The parade of women with allegations against popular comedian Bill Cosby is almost non-stop, actresses, models and celebrity wives recalling alleged incidents from ten, twenty, even thirty years or more ago. Their claims are enough for many people in the media and the public to find Cosby guilty and condemn him, and Cosby’s having gigs cancelled, a re-run of The Cosby Show cancelled and much more adverse impact on his life.
Meanwhile, locally, a University of Colorado Boulder student is suing the school after he was accused of rape and suspended for three semesters without actually being convicted of the alleged crime. The co-ed claimed rape, he claimed their pairing was consensual, and the University sided with her based purely on her allegations and suspended him before any investigation.
What do these have in common? An underlying assumption of guilt based on allegations.
I find this chilling because I believe one of the great American tenets is the legal dictum of innocent until proven guilty.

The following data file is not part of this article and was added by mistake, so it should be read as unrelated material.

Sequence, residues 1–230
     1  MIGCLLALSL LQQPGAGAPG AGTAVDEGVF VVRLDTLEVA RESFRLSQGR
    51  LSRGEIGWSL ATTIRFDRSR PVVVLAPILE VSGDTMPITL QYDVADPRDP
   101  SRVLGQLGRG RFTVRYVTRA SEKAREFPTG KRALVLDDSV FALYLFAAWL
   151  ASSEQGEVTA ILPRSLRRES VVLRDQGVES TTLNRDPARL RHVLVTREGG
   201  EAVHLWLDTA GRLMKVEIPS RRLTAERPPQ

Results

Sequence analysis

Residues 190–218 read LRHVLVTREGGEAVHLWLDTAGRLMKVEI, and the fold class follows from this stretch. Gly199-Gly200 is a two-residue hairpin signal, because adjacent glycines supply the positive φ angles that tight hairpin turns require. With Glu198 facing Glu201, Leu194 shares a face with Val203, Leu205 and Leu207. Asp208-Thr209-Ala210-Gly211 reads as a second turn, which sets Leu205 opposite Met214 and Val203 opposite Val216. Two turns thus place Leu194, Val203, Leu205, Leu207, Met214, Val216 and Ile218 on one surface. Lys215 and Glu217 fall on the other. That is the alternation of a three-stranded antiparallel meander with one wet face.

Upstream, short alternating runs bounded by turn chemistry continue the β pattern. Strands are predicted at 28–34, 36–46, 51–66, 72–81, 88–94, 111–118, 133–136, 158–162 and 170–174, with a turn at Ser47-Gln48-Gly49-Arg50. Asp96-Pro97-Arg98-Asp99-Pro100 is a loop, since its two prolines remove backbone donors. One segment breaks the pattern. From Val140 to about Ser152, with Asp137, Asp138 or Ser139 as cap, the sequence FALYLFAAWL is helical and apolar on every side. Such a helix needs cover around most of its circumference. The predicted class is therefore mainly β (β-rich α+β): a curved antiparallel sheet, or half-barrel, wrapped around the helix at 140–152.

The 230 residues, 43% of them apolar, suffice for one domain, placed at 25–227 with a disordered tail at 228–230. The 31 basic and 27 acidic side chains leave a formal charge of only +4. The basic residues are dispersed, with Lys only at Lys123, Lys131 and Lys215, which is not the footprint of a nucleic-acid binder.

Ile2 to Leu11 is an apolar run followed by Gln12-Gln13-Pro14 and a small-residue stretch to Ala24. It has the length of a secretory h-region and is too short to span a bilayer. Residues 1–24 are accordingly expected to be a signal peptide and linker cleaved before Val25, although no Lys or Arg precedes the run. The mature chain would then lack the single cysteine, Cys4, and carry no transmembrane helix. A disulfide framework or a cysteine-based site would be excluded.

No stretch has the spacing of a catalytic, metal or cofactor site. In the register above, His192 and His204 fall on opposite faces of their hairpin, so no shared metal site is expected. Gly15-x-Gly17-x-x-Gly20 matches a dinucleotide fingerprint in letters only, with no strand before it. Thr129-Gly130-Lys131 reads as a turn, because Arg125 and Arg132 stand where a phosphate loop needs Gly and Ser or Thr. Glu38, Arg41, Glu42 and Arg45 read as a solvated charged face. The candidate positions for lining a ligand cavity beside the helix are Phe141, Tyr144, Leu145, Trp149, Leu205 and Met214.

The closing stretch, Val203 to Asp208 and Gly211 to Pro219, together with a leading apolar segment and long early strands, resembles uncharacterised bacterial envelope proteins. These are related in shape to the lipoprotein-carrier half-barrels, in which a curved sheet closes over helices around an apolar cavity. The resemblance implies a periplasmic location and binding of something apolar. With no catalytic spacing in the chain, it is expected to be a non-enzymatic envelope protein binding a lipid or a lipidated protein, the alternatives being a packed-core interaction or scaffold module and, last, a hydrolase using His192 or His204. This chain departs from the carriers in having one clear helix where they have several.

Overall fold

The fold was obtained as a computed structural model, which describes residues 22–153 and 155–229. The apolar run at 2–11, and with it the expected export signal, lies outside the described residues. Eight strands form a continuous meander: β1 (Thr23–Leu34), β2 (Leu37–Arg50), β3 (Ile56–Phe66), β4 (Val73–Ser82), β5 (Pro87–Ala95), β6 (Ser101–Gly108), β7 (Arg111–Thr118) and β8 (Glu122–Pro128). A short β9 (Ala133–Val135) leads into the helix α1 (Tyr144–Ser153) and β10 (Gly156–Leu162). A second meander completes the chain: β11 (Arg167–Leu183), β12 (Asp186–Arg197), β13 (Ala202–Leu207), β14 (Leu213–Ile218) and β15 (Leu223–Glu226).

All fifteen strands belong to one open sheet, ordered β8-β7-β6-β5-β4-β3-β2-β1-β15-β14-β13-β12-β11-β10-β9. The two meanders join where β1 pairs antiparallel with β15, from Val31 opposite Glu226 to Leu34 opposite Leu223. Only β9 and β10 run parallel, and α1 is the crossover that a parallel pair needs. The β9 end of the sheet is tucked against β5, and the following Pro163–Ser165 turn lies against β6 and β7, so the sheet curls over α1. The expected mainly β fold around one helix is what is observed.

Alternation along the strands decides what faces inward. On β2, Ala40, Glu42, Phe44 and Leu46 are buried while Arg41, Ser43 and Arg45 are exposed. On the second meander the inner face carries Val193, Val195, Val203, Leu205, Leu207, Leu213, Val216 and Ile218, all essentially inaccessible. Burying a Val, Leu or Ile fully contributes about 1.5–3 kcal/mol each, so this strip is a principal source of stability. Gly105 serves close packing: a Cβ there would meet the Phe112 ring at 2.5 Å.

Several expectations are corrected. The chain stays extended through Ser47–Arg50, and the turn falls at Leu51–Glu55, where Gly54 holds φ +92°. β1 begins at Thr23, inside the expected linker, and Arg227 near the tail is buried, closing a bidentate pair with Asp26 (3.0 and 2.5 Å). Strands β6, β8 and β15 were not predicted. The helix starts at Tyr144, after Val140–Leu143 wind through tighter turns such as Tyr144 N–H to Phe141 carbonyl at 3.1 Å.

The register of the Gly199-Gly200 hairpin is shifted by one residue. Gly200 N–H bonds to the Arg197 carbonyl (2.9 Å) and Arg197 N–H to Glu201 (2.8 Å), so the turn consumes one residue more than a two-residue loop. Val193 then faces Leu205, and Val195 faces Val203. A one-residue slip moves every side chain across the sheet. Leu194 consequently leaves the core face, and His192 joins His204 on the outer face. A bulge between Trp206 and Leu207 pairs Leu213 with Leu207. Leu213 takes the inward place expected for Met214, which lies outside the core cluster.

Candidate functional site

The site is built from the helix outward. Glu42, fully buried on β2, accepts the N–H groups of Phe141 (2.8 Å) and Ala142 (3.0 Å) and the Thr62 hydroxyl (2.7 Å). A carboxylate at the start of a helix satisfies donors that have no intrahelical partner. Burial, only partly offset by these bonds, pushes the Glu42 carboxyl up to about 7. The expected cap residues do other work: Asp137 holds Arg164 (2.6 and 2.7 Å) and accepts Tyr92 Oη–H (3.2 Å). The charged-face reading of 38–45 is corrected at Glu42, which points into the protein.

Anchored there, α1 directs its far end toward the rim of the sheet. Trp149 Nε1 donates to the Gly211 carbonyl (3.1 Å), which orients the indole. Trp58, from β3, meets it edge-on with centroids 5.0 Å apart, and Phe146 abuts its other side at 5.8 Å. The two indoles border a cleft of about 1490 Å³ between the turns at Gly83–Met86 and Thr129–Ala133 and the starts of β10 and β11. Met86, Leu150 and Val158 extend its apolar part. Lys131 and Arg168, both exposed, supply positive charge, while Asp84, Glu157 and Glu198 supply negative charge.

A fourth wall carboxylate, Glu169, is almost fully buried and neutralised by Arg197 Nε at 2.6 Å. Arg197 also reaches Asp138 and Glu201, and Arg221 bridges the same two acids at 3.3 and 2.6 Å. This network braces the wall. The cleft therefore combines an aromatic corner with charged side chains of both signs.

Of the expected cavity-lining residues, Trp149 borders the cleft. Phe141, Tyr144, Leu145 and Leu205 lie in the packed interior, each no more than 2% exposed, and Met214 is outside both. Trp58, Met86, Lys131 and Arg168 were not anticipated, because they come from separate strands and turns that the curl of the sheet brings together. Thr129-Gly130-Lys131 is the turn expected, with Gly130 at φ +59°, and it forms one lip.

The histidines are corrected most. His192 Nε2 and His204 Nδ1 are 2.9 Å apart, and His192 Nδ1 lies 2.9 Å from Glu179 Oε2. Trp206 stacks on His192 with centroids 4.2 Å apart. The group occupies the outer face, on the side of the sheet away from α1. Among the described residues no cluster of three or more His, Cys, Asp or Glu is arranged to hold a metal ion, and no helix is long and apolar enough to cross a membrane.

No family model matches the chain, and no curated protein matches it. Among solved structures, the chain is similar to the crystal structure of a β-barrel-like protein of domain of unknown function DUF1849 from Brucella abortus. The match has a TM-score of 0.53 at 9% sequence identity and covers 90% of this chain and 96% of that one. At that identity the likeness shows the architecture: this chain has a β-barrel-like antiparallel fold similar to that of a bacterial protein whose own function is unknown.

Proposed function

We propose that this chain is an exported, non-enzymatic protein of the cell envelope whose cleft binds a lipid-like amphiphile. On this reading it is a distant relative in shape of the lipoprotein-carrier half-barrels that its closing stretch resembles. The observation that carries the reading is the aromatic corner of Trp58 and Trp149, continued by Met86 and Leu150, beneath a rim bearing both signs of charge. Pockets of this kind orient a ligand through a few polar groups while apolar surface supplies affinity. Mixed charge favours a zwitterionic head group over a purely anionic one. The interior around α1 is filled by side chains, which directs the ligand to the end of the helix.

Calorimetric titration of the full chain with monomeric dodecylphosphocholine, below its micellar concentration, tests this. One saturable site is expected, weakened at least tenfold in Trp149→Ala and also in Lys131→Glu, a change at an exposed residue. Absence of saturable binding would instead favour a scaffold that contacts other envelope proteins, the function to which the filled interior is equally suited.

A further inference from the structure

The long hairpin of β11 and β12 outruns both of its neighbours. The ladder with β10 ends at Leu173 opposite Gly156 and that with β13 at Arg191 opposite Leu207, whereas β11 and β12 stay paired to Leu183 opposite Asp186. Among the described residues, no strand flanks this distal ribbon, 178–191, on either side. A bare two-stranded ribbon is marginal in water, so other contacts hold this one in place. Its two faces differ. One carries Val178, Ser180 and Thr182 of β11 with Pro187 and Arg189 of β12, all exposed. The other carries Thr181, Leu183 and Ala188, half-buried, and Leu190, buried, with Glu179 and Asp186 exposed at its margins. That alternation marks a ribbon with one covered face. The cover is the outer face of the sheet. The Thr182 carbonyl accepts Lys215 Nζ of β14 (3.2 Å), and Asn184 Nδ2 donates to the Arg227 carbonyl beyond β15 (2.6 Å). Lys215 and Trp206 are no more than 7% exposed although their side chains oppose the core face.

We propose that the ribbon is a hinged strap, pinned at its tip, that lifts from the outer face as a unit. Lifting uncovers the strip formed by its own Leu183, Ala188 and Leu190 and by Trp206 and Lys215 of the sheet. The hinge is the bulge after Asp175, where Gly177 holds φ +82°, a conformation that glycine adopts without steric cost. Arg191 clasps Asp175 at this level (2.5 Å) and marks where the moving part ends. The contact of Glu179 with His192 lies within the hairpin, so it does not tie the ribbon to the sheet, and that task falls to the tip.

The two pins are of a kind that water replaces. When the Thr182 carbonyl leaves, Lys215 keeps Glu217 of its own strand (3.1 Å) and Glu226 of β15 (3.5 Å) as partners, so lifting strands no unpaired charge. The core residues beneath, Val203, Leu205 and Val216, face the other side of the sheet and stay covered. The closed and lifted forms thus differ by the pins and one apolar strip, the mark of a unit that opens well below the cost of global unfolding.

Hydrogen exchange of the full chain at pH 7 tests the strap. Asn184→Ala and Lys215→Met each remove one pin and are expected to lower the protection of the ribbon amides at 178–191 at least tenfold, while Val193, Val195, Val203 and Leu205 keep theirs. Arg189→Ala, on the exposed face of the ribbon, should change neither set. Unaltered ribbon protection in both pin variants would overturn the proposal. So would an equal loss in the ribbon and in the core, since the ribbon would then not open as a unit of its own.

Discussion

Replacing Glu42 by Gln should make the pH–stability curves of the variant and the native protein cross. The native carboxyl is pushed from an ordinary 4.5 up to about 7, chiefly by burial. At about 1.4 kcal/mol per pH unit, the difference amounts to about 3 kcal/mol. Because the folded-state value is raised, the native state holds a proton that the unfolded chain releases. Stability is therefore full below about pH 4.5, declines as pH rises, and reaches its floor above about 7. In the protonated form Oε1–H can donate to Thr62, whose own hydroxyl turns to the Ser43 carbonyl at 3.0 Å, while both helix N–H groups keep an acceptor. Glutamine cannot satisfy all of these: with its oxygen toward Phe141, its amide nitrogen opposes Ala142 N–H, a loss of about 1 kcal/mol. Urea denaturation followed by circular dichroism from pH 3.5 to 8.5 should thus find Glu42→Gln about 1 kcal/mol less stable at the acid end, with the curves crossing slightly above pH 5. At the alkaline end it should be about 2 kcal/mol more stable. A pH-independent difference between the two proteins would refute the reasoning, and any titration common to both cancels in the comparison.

The alternative, of having someone accuse a man that “he forced me…” or “he drugged me…” or “I changed my mind and he wouldn’t listen…” and that then being sufficient for them to be tried and found guilty in the court of public opinion and condemned to whatever consequences the public believes appropriate, well, that’s a horrible world to live in, a place where innocent men and women can have their lives destroyed at the whim of another.
Now I don’t know if Cosby is innocent or guilty, nor do I know the circumstances around the alleged rape that occurred at CU Boulder, but I know this: if these are legitimate accusations, then we have a legal system that’s quite capable of investigating and finding out the truth of the situation.
And in the meantime, just because someone says something happens that doesn’t mean that’s what actually occurred. Even if other people say “me too” ten, twenty or thirty years later.
Let’s keep that in mind when we watch people pile on the anti-Cosby bandwagon…